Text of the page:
Wednesday, September 15, 2010

Should we be "Seeker Friendly?"

I have become alarmed at the modern trend of the "seeker friendly" church. One quote I ran across recently went so far as to say "We should be a church that always exists more for the people who are not yet saved than for the people who are.” (Mark Driscoll). The person who said this is no doubt a well-intentioned and godly man who has a burden for the lost. But we must be careful at all times not to pull Scriptural truth out of balance.

The Church universal does not exist for Christians or non-Christians, but rather for God. Christ "gave himself for it." (Eph. 5:25). He desires that it be “a glorious church, not having spot, or wrinkle, or any such thing; but that it should be holy and without blemish.” (v. 27). Every mention of the church in Scripture refers to those who are saved. God gives differing gifts to each member of the church primarily for the “perfecting of the Saints.” (Eph. 4:12) People are only added to the church after they are saved. “And the Lord added to the church daily such as should be saved.” (Acts 2:47)

I would like to briefly discuss two dangers which I believe a seeker friendly church is exposed to. The first one is the temptation to water down the truth of Scripture. One prominent speaker (who I will not name) spends a lot of his time talking about the love of Christ. In a sense, this is great. There is perhaps no greater truth than the understanding that the God of the universe wants to have a personal, vibrant relationship with us his creation. But he gives sin and judgment only a passing glance.

It is impossible to fully understand and embrace the love of God without first understanding the judgment of God. Consider the following passage:

“For all have sinned, and come short of the glory of God; Being justified freely by his grace through the redemption that is in Christ Jesus” (Romans 3:23-24)

You can't truly appreciate verse 24 unless you understand the implications of verse 23. We need to make sure that we consistently share the truth in love that "The heart is deceitful above all things, and desperately wicked: who can know it?” (Jer. 17:9). Once this truth is understood the message of God's love and forgiveness will be more fully appreciated, understood, and ultimately applied.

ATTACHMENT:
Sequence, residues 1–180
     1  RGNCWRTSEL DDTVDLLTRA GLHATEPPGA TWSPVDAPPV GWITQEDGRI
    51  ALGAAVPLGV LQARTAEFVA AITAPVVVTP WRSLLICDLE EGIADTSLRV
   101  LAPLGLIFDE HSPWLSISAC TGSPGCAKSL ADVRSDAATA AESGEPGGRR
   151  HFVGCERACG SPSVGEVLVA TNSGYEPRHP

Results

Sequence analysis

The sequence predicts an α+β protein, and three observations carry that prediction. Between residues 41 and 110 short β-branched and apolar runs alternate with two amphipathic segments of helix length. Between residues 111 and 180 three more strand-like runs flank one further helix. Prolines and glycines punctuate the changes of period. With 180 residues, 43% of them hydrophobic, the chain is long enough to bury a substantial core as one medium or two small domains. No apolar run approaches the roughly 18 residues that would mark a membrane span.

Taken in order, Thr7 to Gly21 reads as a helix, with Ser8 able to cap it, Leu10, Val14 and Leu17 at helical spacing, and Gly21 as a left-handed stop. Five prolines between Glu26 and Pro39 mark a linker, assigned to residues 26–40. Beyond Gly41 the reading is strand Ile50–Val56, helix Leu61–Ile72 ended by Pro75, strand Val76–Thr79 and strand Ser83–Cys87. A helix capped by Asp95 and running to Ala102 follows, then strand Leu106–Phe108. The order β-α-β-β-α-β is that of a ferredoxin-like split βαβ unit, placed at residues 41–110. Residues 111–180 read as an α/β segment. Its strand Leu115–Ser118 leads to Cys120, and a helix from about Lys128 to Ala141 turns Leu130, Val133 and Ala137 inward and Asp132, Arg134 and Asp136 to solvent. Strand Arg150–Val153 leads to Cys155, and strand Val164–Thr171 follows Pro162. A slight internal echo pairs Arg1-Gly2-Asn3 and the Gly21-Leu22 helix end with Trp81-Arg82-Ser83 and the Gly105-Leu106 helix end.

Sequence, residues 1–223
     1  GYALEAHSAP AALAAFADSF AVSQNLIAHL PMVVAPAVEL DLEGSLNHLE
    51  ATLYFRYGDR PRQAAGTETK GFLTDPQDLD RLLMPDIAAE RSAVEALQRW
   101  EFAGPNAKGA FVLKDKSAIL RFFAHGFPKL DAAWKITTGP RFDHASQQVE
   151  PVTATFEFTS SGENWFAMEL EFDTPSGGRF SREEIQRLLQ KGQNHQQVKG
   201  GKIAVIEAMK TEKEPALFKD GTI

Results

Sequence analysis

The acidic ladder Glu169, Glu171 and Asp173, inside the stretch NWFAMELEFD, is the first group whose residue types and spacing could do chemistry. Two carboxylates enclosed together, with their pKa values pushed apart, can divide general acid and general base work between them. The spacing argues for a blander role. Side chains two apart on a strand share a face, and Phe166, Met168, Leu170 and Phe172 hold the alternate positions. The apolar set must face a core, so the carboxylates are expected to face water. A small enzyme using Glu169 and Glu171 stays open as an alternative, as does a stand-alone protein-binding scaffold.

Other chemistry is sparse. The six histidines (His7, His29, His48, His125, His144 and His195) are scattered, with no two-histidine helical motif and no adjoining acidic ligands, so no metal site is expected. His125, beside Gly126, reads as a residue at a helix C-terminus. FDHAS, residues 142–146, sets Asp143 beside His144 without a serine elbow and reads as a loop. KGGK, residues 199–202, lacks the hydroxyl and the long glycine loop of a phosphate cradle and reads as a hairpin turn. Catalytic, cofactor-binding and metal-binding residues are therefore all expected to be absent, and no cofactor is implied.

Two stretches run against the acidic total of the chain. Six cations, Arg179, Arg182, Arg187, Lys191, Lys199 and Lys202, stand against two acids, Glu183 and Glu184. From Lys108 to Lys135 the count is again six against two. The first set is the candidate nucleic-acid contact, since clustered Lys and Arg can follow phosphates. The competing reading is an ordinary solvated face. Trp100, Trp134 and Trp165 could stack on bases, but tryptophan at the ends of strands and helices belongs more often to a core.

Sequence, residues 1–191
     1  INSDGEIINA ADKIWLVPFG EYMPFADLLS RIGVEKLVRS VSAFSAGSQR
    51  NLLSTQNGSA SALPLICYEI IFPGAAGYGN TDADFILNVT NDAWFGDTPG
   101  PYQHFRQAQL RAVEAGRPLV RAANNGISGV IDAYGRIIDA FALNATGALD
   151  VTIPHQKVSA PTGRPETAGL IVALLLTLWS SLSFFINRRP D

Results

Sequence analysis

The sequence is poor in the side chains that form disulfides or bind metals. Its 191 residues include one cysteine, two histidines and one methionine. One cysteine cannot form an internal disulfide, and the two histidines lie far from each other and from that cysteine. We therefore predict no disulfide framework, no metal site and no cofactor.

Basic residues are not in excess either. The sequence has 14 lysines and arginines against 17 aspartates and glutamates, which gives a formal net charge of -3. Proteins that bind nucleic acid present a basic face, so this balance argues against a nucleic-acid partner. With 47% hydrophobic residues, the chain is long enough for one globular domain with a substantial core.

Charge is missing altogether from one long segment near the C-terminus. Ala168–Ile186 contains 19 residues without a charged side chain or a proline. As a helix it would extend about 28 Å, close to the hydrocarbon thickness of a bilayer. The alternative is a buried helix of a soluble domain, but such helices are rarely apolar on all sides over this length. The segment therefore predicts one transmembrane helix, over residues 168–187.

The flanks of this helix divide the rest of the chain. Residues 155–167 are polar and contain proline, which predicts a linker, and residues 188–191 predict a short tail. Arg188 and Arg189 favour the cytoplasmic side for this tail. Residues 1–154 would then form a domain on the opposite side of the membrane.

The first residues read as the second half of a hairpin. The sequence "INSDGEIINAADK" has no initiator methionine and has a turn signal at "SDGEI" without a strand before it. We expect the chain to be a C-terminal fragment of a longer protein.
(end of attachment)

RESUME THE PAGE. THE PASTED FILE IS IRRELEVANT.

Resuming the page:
We must realize that it is not we who are responsible to save souls but the Spirit of God. While it is true that God gives us new and exciting ways to minister (i.e. film, multimedia etc.) we must realize that sharing the truth is more important than making someone comfortable. There really is nothing comforting about knowing that we are guilty sinners, but it is only through the understanding and admission of such that we have peace with God. Only "godly sorrow worketh repentance to salvation” (2 Cor. 7:10)

The second danger is that those who are already believers will have difficulty growing in their faith because the line between being "seeker friendly" and "seeker focused" can be very thin. It is God's desire that we would progress from the "milk" of the word to “strong meat [which] belongeth to them that are of full age, even those who by reason of use have their senses exercised to discern both good and evil.” (Heb. 5:14). This will increase our ability to reach our world with the life-changing message of Jesus Christ!

In conclusion, although we are called to reach out to those who do not yet believe we must make sure that we do not neglect the truth. To do so is to forget the whole point of our outreach. We must realize that only as strong believers can the church maximize its impact in the world. It is also worth noting that in any area of life in which we wish to excel, the best way is to spend time with those who are at a more advanced stage than we are. The Christian life is no exception!

Andrew Gommesen